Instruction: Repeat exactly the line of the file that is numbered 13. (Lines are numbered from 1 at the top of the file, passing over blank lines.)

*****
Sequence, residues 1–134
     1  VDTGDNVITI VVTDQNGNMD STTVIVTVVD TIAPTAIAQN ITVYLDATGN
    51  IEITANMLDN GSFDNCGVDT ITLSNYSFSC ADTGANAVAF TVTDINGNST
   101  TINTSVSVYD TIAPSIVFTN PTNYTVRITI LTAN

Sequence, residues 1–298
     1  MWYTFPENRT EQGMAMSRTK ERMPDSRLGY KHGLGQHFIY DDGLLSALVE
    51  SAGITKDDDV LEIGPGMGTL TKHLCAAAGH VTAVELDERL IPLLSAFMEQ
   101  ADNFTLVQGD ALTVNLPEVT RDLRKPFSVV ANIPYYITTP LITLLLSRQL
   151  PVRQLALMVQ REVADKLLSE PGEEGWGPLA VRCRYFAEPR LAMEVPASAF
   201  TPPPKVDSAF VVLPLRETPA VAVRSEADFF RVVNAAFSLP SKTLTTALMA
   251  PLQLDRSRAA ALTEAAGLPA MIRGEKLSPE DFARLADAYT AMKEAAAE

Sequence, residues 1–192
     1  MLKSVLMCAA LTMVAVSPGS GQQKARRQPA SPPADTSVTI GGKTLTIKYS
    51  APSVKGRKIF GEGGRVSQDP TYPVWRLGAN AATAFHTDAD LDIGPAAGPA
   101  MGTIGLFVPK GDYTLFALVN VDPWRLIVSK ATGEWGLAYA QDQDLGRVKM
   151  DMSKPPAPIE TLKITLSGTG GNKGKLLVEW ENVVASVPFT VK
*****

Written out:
     1  MLKSVLMCAA LTMVAVSPGS GQQKARRQPA SPPADTSVTI GGKTLTIKYS